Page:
Holy Rule for Mar. 26
Please pray for healing for Cheryl. Sent to the ER and admitted for being light headed, sweating, and tightness in her chest. It is possible one of her Stents might be clogging. Please also pray for her husband and son and all the family who are very concerned.
Prayers for Jennifer H. age 30, stage 4 cancer
Prayers for Ilse, 46, competent and hard-working secretary, needs badly a new job. She left a demanding job after years of harassment and is now very upset
Prayers for Margaret, 88, in the hospital, her situation has taken a turn for the worst.
Prayers for the eternal rest of Philip, homeless until 6 months sgo, and for all who mourn him, esp. the social service agencies to whom he was dear.
Lord, help us all as You know and
will. God's will is best. All is mercy and grace. God is never absent, praise
Him! Thanks so much. JL
March 26, July 26, November 25
Chapter 46: On Those Who Fail in Any Other Matters
When anyone is engaged in any sort of work,
whether in the kitchen, in the cellar, in a shop,
in the bakery, in the garden, while working at some craft,
or in any other place,
and she commits some fault,
or breaks something, or loses something,
or transgresses in any other way whatsoever,
if she does not come immediately
before the Abbess and the community
of her own accord
to make satisfaction and confess her fault,
then when it becomes known through another,
let her be subjected to a more severe correction.
But if the sin-sickness of the soul is a hidden one,
let her reveal it only to the Abbess or to a spiritual mother,
who knows how to cure her own and others' wounds
without exposing them and making them public.
I can hear parents relating to this one! "When you break something,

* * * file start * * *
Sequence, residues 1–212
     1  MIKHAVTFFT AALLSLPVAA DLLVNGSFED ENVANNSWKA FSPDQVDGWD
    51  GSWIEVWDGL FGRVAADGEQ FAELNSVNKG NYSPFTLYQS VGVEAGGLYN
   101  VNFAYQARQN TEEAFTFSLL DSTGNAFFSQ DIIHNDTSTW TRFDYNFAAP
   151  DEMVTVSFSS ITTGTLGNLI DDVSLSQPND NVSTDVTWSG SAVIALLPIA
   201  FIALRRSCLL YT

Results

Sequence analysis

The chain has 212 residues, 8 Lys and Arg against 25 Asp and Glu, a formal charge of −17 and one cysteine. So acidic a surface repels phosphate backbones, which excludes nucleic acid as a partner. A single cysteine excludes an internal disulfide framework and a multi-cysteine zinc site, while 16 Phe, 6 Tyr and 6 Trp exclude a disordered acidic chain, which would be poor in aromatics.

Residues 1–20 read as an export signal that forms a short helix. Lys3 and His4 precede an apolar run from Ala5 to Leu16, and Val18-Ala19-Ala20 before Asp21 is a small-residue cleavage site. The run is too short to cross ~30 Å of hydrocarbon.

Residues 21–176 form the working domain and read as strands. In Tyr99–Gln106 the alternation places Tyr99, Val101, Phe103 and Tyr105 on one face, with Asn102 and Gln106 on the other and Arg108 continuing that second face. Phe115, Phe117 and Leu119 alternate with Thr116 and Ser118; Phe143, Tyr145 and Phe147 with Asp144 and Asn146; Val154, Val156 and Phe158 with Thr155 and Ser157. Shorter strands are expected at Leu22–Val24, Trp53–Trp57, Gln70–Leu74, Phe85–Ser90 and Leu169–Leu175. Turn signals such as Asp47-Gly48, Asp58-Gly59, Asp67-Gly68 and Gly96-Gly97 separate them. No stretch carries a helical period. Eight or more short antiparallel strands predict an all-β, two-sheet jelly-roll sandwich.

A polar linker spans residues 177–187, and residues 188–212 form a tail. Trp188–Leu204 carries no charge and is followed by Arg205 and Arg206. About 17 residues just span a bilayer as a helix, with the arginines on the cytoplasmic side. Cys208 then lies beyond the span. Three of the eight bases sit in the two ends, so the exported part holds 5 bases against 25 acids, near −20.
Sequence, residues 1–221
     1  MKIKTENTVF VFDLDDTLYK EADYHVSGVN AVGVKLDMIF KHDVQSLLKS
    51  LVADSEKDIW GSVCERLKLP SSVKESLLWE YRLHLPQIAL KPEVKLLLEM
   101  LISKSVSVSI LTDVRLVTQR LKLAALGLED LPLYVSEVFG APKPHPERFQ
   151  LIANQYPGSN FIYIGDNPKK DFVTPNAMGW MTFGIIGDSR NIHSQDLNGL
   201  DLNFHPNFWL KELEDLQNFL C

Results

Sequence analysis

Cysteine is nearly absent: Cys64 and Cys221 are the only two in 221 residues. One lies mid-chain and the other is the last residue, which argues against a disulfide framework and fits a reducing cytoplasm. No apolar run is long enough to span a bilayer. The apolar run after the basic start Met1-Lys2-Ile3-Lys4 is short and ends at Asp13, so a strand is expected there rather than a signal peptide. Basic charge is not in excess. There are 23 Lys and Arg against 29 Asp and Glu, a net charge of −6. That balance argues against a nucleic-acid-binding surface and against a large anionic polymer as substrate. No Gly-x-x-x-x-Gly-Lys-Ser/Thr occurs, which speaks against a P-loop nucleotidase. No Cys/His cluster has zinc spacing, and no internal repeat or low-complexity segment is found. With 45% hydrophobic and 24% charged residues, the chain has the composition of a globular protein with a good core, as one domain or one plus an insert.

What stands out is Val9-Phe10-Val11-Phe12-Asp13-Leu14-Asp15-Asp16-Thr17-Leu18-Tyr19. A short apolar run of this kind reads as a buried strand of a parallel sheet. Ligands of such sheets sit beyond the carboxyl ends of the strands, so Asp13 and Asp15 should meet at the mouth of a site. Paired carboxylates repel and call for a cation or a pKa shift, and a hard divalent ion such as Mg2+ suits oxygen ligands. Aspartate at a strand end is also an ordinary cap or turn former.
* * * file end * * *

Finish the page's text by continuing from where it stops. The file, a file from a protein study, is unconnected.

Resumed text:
why don't you tell me? Don't just hide the pieces and say nothing."
Well, truthfully, sometimes people may have been afraid to ask us
because of ways we have reacted before, but that's not always so. As
former guest master, I can assure you that many adults have very adolescent
habits when it comes to breaking something, even though they
never had any dealings with me on the matter before. Nothing is said,
the damage is hidden and I'd find out a lot later.
That's too bad, because I really like to give a monastic witness to
the value of people before things and a broken plate or glass or
toilet is a great way to do that. When people do come to me, always
apologetic, and often quite sheepish as well, I say something
like: "Oh, that's OK! We can always get another pitcher, but we can
never get another you! People before things!"
People before things. That is so crucial to remember, because all of
us have lived in a very materialist world. For people of our times,
some of the Holy Rule's insistence that we be careful of the earthly
goods of monastery or home must be carefully balanced. Otherwise, we
run into the trap of becoming monastic materialists, quite a
contradiction in terms, to say the least.
Yes, we must be careful of things, but we must always keep uppermost
in our minds that the greatest treasures or family or monastery or workplace
are the members themselves. If frugality becomes stinginess, if conservation
breaks charity, we are way, way off the mark.
There's another little gem here, right at the end. Not everyone in
the group needs to know all your details all the time, but letting no
one at all know is equally foolish. A balance must be obtained here,
as in all things.
Knowing whom to tell what to is a delicate art of paying very close
attention to reality of the other person. Such attentiveness to another is
an exquisite exercise of personalism, a trait we should all desire! Some
people may not be trustworthy, others may not profit from knowing for
other reasons, like distress or worry or even scandal. Weigh those
considerations very, very carefully.
Love and prayers,
[Non-text portions of this message have been removed]
Prayers for the at least 37 killed and 15 injured in a plane crash in Kyrgyzstan. For the eternal rest of the dead, the recovery of the wounded and for the families of all. Prayers, too, for those who lost homes or property, half of the village was destroyed by the crash.
The Salesians invite all to join them in praying a novena to Mary Immaculate, Help of Christians, for the release of kidnapped Fr. Tom in Yemen. The novena is from January 15-23.